The Manhattan Declaration on Climate Change

`Global warming' is not a global crisis

We, the scientists and researchers in climate and related fields, economists, policymakers, and business leaders, assembled at Times Square, New York City, participating in the 2008 International Conference on Climate Change,

Resolving that scientific questions should be evaluated solely by the scientific method;

Affirming that global climate has always changed and always will, independent of the actions of humans, and that carbon dioxide (CO2) is not a pollutant but rather a necessity for all life;

Recognising that the causes and extent of recently observed climatic change are the subject of intense debates in the climate science community and that oft-repeated assertions of a supposed `consensus' among climate experts are false;

Affirming that attempts by governments to legislate costly regulations on industry and individual citizens to encourage CO2 emission reduction will slow development while having no appreciable impact on the future trajectory of global climate change. Such policies will markedly diminish future prosperity and so reduce the ability of societies to adapt to inevitable climate change, thereby increasing, not decreasing, human suffering;

Noting that warmer weather is generally less harmful to life on Earth than colder:

Hereby declare:

That current plans to restrict anthropogenic CO2 emissions are a dangerous misallocation of intellectual capital and resources that should be dedicated to solving humanity's real and serious problems.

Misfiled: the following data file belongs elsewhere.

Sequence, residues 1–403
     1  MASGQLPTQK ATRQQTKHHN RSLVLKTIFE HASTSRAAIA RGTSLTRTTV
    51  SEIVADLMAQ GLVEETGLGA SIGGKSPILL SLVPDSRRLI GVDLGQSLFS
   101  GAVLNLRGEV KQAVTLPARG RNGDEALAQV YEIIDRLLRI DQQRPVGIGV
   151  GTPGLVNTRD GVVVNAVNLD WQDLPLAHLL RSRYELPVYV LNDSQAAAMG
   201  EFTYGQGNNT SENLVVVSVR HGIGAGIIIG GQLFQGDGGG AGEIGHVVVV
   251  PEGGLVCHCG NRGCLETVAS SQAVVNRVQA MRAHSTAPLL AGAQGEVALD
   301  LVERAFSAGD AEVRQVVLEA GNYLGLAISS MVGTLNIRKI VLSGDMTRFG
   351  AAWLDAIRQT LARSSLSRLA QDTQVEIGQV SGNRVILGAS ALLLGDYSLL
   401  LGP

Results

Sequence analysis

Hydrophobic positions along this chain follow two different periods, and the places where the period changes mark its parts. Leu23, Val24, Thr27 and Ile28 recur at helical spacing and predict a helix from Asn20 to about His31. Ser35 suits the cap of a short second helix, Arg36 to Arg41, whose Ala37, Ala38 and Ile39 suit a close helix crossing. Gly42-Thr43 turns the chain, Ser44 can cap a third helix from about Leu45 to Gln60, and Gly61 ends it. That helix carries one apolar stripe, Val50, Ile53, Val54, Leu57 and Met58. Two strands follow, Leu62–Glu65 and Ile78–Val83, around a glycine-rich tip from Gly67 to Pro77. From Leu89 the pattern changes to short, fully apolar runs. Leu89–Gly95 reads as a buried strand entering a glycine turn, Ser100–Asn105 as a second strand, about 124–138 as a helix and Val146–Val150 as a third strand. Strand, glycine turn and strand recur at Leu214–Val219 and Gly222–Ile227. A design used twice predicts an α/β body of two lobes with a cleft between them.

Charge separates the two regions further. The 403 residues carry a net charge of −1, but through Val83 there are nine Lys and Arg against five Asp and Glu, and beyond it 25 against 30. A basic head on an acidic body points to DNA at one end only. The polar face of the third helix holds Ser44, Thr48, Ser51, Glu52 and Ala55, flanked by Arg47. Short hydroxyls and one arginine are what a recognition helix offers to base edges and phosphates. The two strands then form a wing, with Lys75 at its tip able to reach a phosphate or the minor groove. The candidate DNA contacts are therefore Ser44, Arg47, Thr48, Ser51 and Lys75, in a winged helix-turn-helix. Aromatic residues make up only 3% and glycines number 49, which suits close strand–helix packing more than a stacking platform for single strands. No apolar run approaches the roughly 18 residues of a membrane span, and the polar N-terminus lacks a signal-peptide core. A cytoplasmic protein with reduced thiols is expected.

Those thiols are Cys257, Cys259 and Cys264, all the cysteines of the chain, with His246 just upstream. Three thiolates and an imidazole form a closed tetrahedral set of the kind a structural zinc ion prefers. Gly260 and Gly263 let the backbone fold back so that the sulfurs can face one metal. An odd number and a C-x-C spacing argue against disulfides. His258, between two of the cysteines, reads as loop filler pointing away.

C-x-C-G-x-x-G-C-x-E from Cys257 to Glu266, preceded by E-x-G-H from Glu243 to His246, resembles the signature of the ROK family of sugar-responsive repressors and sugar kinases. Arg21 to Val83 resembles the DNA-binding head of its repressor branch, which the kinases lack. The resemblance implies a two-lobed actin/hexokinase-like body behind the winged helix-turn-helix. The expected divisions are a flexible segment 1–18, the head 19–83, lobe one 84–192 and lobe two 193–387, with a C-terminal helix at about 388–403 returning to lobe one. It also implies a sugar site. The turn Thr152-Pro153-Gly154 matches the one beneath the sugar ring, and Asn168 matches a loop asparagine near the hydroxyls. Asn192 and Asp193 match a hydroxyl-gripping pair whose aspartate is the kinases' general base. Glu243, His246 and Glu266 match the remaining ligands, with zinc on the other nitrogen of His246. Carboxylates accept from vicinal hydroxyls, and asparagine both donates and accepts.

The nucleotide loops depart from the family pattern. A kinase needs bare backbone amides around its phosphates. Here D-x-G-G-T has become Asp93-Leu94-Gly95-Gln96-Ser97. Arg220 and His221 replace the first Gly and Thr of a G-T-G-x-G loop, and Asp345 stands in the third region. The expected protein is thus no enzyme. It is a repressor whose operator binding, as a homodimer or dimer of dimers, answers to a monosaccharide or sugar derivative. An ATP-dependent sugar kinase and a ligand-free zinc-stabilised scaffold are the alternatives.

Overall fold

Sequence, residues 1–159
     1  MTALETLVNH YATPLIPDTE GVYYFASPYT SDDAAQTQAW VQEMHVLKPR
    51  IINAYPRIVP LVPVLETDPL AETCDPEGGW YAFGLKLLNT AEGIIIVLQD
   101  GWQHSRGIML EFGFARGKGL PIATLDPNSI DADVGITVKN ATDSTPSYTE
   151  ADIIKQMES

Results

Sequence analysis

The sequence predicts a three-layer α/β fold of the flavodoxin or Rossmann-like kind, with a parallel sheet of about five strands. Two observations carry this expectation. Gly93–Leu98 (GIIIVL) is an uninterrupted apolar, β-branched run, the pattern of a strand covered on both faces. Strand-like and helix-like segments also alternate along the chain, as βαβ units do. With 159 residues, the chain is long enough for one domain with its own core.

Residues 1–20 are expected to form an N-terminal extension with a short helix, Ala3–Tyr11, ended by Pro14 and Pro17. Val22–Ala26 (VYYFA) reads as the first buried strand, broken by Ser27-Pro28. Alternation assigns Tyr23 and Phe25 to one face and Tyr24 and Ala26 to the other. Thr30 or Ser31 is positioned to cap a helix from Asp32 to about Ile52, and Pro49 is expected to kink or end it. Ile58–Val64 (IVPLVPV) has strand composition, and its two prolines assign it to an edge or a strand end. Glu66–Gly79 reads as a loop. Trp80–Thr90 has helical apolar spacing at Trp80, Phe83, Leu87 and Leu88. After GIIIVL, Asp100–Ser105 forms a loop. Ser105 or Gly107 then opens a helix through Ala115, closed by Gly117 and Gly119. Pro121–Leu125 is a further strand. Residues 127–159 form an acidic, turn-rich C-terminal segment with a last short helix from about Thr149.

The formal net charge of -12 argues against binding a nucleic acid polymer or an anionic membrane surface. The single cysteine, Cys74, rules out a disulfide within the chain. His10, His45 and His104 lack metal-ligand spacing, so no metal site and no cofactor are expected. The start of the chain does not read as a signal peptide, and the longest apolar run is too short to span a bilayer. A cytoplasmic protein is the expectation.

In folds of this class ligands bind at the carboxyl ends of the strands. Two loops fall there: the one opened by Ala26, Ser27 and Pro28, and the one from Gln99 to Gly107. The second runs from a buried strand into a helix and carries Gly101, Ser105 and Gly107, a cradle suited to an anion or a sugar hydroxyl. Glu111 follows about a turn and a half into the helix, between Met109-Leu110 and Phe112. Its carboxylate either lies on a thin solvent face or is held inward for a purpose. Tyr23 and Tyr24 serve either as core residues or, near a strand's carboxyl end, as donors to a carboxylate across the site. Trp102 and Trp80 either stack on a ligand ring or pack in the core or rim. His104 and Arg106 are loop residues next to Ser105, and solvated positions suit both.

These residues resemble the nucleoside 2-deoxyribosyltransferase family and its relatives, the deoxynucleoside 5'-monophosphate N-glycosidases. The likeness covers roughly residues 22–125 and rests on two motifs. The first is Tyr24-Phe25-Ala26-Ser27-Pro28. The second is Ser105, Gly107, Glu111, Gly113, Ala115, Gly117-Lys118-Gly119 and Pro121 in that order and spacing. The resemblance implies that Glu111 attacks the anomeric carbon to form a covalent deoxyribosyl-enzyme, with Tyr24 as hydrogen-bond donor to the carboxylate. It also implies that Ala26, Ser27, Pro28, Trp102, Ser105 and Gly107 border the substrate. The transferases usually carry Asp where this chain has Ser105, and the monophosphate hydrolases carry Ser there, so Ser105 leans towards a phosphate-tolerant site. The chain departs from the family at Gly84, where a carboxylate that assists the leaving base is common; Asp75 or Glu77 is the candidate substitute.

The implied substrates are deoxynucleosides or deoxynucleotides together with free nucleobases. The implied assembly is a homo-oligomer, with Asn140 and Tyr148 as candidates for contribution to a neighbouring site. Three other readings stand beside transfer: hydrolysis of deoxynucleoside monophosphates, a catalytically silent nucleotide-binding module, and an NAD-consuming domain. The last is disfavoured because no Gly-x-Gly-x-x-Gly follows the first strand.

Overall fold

That there is no convincing evidence that CO2 emissions from modern industrial activity has in the past, is now, or will in the future cause catastrophic climate change.

That attempts by governments to inflict taxes and costly regulations on industry and individual citizens with the aim of reducing emissions of CO2 will pointlessly curtail the prosperity of the West and progress of developing nations without affecting climate.

That adaptation as needed is massively more cost-effective than any attempted mitigation and that a focus on such mitigation will divert the attention and resources of governments away from addressing the real problems of their peoples.

That human-caused climate change is not a global crisis.

Now, therefore, we recommend -

That world leaders reject the views expressed by the United Nations Intergovernmental Panel on Climate Change as well as popular, but misguided works such as An Inconvenient Truth.

That all taxes, regulations, and other interventions intended to reduce emissions of CO2 be abandoned forthwith.

Agreed at New York, 4 March 2008.

I should also like to leave you with the following interesting commentary on the proceedings: `NY Climate Conference: Journey to the Center of Warming Sanity' (American Thinker, March 6), which begins with the seminal point: